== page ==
fbpx

Latest Posts

Home

Facebook

Twitter

Search
About

The media reporting of Minnesota’s Covid-19 outbreak is divorced from reality

There was good news in Minnesota’s fight against Covid-19 today. The Department of Health announced six new deaths from Covid-19 and, while each one of these is a tragedy, that number does represent the 21st day of single-digit deaths out of the last 23 days. As Figure 1 shows, the seven day moving average of daily deaths stands at 4.7, up from 4.3 yesterday, but still lower than at any point between April 10th and July 11th.

Figure 1: Seven day moving average of Covid-19 deaths

Source: Minnesota Department of Health

There was positive news on hospitalizations also. The number of Minnesotans in intensive care (ICU) fell to 107, the lowest since April 23rd, as Figure 2 shows. The total number of hospitalizations – 236 – is now lower than at any time between April 19th and July 10th.

Figure 2: Hospitalizations for Covid-19

Source: Minnesota Department of Health

How did Minnesota’s media break this positive news on Twitter?

The positive news on deaths wasn’t mentioned. The positive news on hospitalizations was mentioned by the Star Tribune and Kare 11, but both accompanied it with a warning that hospitalizations might rise again (honorable mentions go to WCCO and KSTP).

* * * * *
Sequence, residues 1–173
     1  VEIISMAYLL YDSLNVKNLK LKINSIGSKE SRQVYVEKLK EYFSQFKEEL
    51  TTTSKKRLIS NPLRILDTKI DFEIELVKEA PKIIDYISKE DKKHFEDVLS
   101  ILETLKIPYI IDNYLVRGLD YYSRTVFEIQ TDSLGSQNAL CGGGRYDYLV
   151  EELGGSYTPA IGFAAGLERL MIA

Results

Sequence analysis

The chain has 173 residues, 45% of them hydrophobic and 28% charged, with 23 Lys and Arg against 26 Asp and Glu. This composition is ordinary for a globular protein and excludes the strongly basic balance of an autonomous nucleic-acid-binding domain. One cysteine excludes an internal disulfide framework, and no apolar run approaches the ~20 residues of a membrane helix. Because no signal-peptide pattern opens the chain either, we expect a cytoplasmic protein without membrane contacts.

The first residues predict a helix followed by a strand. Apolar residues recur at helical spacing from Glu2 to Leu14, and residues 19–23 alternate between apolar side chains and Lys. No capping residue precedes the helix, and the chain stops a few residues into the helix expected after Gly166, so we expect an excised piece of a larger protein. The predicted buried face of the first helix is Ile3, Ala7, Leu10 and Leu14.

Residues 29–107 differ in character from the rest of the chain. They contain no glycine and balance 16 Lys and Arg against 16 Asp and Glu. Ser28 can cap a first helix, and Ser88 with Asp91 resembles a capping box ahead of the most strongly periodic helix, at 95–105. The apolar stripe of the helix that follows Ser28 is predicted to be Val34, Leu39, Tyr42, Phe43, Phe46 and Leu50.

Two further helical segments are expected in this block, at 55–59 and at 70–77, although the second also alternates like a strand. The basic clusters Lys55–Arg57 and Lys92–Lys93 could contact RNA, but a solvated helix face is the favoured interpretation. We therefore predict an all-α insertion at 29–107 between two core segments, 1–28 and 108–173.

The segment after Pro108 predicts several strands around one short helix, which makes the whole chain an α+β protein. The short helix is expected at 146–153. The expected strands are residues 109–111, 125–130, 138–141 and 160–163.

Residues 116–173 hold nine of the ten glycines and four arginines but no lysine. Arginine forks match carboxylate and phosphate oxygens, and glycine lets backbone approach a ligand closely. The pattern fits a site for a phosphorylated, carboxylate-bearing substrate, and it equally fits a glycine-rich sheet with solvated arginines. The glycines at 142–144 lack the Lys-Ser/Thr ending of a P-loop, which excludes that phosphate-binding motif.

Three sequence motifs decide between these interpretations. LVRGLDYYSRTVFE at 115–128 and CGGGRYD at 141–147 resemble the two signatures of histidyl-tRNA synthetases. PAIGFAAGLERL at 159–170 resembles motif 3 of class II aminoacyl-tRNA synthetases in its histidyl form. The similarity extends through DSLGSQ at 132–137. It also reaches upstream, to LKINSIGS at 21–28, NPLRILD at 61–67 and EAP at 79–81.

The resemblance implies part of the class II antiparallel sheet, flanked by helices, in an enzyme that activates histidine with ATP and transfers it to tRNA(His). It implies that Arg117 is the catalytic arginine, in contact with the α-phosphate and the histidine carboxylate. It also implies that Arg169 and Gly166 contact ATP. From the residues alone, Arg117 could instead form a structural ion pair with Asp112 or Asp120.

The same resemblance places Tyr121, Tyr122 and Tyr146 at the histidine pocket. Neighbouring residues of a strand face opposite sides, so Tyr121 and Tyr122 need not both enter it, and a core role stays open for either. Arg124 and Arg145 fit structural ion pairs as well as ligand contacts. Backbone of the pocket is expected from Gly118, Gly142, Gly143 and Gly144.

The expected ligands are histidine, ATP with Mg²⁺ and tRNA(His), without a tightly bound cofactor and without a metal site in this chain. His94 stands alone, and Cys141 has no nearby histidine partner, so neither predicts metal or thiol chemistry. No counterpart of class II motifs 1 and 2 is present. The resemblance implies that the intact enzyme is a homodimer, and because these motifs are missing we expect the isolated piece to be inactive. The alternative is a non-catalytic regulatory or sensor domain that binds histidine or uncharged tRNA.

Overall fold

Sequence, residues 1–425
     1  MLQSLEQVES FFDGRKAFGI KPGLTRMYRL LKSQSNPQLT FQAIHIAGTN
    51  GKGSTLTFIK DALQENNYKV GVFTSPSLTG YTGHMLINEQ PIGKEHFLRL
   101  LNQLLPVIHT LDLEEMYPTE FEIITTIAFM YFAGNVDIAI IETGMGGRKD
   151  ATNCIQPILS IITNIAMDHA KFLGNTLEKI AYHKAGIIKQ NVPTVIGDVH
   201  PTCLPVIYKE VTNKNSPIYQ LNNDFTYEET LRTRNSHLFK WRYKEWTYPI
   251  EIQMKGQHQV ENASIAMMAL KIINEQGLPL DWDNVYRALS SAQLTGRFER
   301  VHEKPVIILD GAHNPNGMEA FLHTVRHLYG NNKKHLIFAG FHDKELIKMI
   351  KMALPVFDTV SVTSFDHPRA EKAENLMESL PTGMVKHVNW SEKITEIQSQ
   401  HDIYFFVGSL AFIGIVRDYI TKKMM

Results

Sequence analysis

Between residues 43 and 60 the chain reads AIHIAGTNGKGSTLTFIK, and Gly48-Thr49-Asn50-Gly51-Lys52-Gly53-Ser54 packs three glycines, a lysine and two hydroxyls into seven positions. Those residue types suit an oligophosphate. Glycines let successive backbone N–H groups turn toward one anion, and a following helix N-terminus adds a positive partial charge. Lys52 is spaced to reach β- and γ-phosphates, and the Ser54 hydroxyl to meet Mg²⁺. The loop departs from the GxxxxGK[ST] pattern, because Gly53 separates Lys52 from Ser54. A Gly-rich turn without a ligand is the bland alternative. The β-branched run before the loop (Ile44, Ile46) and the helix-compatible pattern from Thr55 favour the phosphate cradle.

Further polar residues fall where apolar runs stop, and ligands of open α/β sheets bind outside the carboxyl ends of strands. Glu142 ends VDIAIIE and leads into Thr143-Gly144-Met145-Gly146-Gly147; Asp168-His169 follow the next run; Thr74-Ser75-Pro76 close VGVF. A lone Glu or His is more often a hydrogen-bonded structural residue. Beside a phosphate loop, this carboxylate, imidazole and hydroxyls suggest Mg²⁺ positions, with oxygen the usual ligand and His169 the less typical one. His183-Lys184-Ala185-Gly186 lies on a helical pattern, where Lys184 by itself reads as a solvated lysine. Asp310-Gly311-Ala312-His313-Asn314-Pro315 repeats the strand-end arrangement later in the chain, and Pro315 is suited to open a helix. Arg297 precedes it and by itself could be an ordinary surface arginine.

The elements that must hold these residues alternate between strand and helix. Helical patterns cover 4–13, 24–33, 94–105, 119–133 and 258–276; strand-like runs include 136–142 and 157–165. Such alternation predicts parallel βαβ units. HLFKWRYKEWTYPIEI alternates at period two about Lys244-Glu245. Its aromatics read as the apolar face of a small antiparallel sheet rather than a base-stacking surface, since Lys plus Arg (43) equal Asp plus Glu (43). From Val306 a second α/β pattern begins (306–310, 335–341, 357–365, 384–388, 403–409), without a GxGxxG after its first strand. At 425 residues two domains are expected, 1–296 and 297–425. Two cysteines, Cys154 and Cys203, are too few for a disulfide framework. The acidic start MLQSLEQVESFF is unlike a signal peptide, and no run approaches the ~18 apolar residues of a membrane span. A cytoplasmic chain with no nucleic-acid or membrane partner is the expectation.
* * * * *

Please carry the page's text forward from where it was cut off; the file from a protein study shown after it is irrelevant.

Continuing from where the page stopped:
Indeed they might. Or they might not. As I wrote last week:

In April, the surge in Covid-19 cases was closely followed by a surge in Covid-19 deaths. By contrast, the surge in Covid-19 cases since mid-June has been accompanied by a continued fall in Covid-19 deaths. Those who say ‘Just you wait’ and say that the current surge in cases means that another surge in deaths is just around the corner need to explain why the lag between the surge in cases and the surge in deaths is so much greater now than it was in April.

They also need to explain just how long, exactly, they expect this lag to be.

A more likely scenario is that the current surge in cases is composed mostly of younger people who are less affected by the disease.

But I guess that doesn’t get clicks.

John Phelan is an economist at the Center of the American Experiment. 

Comments